Parish Magazine - Our local company of the Princess of Wales' Own Regiment, Volunteer Brigade held their annual Church Parade.

The Church Lads Brigade held a concert in the Drill Hall.
The piece de resistance came in the form of a Christy Minstrel performances by the Skelton CLB Nigger Minstrels, whose dark disguise effectually concealed the identity of Sgt Craven, Lance Sgt Gibson, Corporal Dawson, Lance Cpl Rooks, Privates Wood, Catton, Turnbull and Morgan. The accompaniments were played by Band Sgt Bell.
Their second performance concluded the concert with an amusing farce entitled "De Haunted Hen Coop".

6th June - MINE DEATH.
North Skelton Mine. George Ward, a driver aged 14, was killed when he fell before a set of full tubs which he was leading.
He had his leg cut off.

19th July - MINE DEATH.
South Skelton Mine. George Spurgeon, died as a result of injuries received on 30th June.
"Head and back injured and thigh fractured;
He had fired a shot, and on going back found some bad top stone.
He was taking this down when some more fell and caught him."
George was aged 40 at the 1901 census and lived at 52 Harker St, Skelton Green with his wife Sabrina.
They had no children and had both been born in Suffolk.

A new Juvenile Tent of the Independent Order of Rechabites was instituted on Saturday afternoon in the Primitive Methodist Chapel at North Skelton.
The new Tent was named "Prosperity" and commences with over 50 members. [The Order of Rechabites were a Friendly Society, the members of which swore to abstain from alcohol in any form. Groups of them were called "Tents" as the Lord supposedly commanded the sons of the Biblical figure Rechab to live in tents and drink no wine..]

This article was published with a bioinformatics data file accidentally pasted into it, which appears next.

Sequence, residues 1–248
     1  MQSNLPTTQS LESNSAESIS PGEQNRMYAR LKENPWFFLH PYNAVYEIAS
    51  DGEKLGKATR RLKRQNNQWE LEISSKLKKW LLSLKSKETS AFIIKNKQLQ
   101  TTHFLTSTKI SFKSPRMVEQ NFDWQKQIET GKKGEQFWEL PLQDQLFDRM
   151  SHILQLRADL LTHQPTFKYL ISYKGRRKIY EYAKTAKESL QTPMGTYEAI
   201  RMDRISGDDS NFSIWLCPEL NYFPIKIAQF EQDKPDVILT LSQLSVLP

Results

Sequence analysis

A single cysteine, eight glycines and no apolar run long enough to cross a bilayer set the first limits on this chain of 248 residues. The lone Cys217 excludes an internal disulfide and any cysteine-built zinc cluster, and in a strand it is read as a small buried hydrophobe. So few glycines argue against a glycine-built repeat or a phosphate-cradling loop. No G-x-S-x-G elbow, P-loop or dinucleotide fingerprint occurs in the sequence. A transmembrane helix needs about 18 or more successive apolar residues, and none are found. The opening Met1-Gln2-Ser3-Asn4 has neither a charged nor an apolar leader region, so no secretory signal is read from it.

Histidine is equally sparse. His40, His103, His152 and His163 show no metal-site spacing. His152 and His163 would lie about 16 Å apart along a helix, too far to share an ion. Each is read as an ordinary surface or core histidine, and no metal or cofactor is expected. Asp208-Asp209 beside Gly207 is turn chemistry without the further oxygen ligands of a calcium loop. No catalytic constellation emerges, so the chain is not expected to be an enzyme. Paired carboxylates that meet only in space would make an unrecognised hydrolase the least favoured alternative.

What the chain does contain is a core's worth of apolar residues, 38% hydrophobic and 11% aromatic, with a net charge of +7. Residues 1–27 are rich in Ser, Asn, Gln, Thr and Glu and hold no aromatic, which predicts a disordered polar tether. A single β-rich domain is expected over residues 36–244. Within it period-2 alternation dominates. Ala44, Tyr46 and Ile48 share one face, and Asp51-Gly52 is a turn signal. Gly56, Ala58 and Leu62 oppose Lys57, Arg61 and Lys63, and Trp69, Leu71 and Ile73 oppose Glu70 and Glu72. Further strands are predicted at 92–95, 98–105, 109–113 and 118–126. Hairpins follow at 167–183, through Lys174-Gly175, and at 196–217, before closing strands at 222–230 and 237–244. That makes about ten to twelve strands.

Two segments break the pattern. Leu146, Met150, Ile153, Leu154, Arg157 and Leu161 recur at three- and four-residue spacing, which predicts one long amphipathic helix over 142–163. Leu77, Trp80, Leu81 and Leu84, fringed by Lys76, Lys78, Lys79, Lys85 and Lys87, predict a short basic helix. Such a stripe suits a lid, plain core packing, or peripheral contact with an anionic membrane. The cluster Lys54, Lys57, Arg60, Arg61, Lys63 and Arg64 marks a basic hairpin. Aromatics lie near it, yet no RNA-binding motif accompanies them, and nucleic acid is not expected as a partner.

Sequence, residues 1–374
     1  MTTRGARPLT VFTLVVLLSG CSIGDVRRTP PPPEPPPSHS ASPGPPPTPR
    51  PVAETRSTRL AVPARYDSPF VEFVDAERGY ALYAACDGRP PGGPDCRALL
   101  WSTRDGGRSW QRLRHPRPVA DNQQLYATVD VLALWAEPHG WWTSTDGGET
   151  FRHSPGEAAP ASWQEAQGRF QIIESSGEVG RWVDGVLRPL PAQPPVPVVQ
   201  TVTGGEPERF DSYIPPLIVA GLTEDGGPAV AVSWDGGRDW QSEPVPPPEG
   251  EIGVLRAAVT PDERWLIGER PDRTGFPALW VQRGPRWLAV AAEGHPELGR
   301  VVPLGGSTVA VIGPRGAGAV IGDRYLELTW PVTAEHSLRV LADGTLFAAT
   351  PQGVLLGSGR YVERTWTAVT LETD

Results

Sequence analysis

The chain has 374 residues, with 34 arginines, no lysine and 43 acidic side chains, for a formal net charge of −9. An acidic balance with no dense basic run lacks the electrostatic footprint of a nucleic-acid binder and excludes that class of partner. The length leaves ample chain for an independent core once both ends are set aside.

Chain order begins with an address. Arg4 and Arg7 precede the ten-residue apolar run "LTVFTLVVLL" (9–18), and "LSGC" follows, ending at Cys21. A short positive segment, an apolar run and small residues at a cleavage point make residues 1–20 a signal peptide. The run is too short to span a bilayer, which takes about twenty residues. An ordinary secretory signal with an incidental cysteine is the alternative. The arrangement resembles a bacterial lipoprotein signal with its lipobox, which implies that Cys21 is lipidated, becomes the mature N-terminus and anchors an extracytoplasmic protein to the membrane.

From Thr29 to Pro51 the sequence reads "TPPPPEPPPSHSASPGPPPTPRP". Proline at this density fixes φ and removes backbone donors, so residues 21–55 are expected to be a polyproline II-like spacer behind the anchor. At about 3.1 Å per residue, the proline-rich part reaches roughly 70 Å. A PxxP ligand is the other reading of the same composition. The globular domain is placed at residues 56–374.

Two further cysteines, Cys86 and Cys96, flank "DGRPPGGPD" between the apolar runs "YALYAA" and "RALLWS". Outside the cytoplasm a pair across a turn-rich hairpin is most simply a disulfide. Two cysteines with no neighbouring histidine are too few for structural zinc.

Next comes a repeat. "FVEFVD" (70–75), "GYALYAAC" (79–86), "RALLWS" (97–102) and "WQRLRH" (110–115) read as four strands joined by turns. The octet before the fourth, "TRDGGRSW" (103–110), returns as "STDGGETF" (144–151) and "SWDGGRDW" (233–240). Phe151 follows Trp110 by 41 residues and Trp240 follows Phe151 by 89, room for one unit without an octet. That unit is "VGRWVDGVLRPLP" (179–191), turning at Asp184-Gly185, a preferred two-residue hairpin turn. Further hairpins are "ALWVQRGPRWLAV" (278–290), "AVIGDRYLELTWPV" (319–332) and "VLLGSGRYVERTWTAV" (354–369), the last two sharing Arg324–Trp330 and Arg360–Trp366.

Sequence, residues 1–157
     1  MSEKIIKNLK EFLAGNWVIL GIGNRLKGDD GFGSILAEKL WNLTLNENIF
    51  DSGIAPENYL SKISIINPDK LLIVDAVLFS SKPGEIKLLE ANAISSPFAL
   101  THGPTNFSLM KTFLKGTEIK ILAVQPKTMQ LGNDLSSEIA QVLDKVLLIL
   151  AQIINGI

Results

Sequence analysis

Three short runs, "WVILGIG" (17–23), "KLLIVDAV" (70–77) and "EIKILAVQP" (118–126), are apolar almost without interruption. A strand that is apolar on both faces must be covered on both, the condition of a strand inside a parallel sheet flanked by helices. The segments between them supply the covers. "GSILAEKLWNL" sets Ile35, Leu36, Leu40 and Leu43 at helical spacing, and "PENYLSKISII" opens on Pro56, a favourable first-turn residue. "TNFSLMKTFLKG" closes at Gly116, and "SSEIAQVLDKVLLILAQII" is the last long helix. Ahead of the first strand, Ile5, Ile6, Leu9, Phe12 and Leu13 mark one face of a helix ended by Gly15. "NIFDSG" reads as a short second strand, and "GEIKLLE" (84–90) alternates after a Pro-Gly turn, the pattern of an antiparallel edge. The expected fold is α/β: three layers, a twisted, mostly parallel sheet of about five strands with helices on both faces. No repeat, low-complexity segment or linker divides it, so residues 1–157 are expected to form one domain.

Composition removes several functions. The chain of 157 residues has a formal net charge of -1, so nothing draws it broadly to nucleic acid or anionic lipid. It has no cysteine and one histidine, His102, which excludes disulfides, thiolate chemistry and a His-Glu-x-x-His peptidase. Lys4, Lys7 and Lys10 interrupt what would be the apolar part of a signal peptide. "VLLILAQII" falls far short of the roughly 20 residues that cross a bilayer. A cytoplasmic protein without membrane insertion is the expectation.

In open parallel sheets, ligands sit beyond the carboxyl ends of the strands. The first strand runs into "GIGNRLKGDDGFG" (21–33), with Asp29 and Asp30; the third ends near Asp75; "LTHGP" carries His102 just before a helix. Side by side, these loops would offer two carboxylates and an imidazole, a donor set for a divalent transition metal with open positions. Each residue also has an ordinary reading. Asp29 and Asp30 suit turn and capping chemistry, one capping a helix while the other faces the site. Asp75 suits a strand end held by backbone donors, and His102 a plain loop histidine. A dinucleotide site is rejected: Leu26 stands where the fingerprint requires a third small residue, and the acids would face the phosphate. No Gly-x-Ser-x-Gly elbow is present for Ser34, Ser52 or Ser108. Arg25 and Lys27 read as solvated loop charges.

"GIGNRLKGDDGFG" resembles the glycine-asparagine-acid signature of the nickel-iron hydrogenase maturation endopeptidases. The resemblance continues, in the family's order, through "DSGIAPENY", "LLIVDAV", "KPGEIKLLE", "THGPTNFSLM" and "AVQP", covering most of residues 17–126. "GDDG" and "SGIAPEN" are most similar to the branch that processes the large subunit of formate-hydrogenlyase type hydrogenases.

26th October - MINE DEATH.
Longacres Mine. John Ingleden, a miner aged 53 was killed, "He was drilling a hole when a large piece of stone suddenly burst away off the corner of his place and killed him instantly."

Skelton West End in 1904. The message on the back is - "What a tale this street could tell !".

James Armstrong was charged with being drunk and disorderly at North Skelton and assaulting PC Stainthorpe.
PC Stainthorpe gave evidence that Armstrong was heard near Wharton Street using bad language.
He was extremely inebriated and on seeing the police went into a house. He came out again and used more bad language.
After PC Stainthorpe warned him to stop, he took a running kick at him and caught him on the shin. The Constable attempted to arrest him, but Armstrong dragged him into a yard and continued to resist.
PC Hutchings joined the struggle and eventually the defendant was brought to Skelton Police Station.
PC Hutchings gave evidence to the same effect and both policemen said that PC Stainthorpe did not use his Truncheon.
Armstrong denied the charge and alleged that it was the police who were the aggressors.
He had previous convictions in 1888 and 1900 as recorded in this website.
The Bench convicted him and he was sent to Northallerton Gaol for a month with hard labour, which at that time was the Treadmill.

Next Page - 1905.